4-H stands for "Head, heart, hands, health" and apparently a fifth - for "haters."
To many, 4-H Clubs are all about nurturing sweet little calves, adorable children winning ribbons, urban garden patches and proud future farmers grooming prized pigs for show. To others, it's a calculated system for turning the youth of America into cold, unfeeling animal killers.
When Eatocracy ran a 5@5 feature with chef Kelly Liken on the topic of Five Reasons to Buy from Your Local 4-H earlier this week, we quickly identified within the comments two distinct perceptions of the organization - which was originally set up by the United States Department of Agriculture to train the rural youth of America in hands-on skills like agriculture and raising animals. One was that 4-H promotes responsible animal husbandry and the cultivation of food resources in a responsible, ethical way and the other was that it serves to desensitize children to the suffering of animals.
Here's what our commenters had to say:
World Vegetarian And Vegan News announced on April 1 that the upcoming royal wedding would be entirely free of animal products due to cultural, health and environmental concerns.
“Celebrity vegan cook Sarah Kramer is being brought over from Canada to advise on ingredients for the reworked royal wedding cake,” the post said.
The report was, of course, just an April Fools’ Day hoax. While Kramer won’t be crafting an egg-free, dairy-free cake for Prince William and Kate Middleton this coming weekend, she will be taking part in the in the third annual Worldwide Vegan Bake Sale along with more than 140 groups across six continents from April 23 through May 1.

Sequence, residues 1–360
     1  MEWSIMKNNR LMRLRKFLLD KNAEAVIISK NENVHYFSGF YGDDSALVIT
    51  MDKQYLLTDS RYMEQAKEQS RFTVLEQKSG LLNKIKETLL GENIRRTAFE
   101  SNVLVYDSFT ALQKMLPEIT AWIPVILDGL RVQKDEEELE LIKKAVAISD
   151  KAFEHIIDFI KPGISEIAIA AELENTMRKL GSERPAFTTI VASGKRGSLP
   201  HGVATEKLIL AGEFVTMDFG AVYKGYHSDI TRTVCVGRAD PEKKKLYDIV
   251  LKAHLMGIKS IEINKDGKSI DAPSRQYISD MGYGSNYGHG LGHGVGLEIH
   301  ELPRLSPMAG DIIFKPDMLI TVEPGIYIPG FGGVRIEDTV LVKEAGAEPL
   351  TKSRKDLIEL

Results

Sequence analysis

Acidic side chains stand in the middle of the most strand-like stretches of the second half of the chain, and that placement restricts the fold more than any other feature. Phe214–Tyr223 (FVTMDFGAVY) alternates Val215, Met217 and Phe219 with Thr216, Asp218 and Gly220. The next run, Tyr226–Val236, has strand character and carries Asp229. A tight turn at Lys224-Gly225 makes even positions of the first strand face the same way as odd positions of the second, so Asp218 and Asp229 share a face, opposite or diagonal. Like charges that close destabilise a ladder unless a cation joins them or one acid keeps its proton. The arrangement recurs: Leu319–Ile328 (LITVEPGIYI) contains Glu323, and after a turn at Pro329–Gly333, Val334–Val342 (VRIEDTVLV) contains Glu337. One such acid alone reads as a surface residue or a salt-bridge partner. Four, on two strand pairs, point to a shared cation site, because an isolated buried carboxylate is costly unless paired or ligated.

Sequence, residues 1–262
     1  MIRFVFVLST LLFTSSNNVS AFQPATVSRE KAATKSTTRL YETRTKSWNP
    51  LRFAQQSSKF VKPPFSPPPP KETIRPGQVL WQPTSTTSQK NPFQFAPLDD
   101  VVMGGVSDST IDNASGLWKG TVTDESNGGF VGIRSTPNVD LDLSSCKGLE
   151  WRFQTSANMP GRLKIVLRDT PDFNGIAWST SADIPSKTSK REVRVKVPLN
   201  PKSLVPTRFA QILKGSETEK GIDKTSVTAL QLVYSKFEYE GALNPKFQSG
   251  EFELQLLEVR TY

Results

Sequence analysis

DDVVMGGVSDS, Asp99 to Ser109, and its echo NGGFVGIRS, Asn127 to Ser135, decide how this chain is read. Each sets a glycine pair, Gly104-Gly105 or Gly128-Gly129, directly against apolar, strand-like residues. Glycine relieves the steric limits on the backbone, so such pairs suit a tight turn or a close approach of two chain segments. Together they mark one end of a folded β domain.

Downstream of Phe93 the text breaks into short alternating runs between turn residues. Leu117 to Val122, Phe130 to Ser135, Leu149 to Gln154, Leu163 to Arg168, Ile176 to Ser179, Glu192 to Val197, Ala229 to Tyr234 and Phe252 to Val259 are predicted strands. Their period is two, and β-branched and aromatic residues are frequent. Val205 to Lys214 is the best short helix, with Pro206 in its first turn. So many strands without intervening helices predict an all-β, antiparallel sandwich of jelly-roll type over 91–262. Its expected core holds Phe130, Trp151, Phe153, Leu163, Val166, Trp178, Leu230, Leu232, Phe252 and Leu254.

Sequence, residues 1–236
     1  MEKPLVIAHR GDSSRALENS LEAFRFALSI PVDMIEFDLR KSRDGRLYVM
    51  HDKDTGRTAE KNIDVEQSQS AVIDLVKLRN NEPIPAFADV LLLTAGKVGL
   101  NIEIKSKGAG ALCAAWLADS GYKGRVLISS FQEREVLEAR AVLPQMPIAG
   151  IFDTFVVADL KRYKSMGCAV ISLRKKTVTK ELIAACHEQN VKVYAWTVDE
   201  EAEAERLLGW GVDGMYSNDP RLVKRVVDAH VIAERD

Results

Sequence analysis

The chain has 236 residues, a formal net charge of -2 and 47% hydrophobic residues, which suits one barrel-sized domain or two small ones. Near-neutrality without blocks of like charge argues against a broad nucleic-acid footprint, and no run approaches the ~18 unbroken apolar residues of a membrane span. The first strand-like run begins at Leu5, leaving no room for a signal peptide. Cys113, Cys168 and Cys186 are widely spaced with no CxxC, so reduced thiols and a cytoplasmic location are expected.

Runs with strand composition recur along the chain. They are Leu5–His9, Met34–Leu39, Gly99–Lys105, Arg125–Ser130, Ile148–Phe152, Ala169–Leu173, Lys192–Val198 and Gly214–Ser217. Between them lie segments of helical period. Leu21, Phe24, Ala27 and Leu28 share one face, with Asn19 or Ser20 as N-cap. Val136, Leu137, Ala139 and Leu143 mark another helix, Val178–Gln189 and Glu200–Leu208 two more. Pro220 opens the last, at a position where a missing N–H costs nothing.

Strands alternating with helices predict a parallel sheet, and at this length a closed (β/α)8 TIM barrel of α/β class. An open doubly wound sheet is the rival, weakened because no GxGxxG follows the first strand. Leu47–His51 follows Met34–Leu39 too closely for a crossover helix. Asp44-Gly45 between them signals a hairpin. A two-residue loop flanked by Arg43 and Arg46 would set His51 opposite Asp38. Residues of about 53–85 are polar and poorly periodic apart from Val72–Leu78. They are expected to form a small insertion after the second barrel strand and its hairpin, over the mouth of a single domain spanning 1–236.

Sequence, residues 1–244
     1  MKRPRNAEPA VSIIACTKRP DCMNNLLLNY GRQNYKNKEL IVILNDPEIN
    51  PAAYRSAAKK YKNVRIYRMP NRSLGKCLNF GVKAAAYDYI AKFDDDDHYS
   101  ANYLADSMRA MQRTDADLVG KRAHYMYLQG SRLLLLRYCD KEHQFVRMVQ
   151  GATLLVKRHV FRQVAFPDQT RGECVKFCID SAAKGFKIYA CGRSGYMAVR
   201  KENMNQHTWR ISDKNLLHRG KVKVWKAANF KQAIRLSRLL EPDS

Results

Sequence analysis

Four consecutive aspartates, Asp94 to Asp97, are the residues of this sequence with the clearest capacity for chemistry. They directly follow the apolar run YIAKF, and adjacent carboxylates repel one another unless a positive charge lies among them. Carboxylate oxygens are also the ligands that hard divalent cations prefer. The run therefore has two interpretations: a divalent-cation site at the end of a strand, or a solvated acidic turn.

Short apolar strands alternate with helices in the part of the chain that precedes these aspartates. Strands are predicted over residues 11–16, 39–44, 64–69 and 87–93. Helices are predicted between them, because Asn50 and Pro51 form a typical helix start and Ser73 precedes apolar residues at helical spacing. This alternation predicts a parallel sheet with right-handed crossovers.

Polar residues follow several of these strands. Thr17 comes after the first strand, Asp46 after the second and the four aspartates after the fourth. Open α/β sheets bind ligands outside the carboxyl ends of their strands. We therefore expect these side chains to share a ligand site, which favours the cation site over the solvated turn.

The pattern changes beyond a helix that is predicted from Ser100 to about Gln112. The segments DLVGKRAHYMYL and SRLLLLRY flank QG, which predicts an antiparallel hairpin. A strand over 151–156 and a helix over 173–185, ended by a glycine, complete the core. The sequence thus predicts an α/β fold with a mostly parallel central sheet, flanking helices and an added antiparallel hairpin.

“My favorite thing in the world is to watch someone who isn’t vegan eat a vegan cookie and watch their eyes open,” Kramer says. “I’m changing people’s minds one tummy at a time.”
The nation’s leading vegetarian news and lifestyle magazine has admitted it “screwed up” by attempting to pass off meaty recipe photos as meatless in the pages of its magazine and online.
VegNews issued a mea culpa last week after a blogger outed the publication for using images of chicken and hamburgers from a royalty-free image service to illustrate recipes such as “veganized” Brunswick stew and “Magical Meatball Burgers.” The VegNews team defended its actions, attributing them to a lack of images of vegetarian dishes and the high costs associated with image-gathering, especially for an independent publication like VegNews.
This week, the magazine went a step further, vowing to never again let images of cooked animals carcasses grace its pages and promising to host a photo bank of vegan stock images.
Many salivate over the mere image of a juicy hamburger or a glistening rack of ribs, but vegetarians aren't usually among them.
But apparently, that's what the readers of VegNews, the nation's leading vegan magazine, have been doing for years without their knowledge.
With the help of an anonymous reader tip, the author of the vegan blog, quarrygirl.com, accused VegNews of using food images of meat in its magazine and website and passing them off as meatless. The allegation prompted the San Francisco-based publication to confess that it had, "from time to time," used stock images that turned out not to be totally animal-free.
"The pictures we've been drooling over for years are actually of MEAT!" she charged.
Eatocracy has saddled up in Austin, Texas, all week not only to cover the annual South by Southwest music, film, and interactive conference, but also to prep for the third edition of our Secret Supper. And now, it's officially supper time in Texas.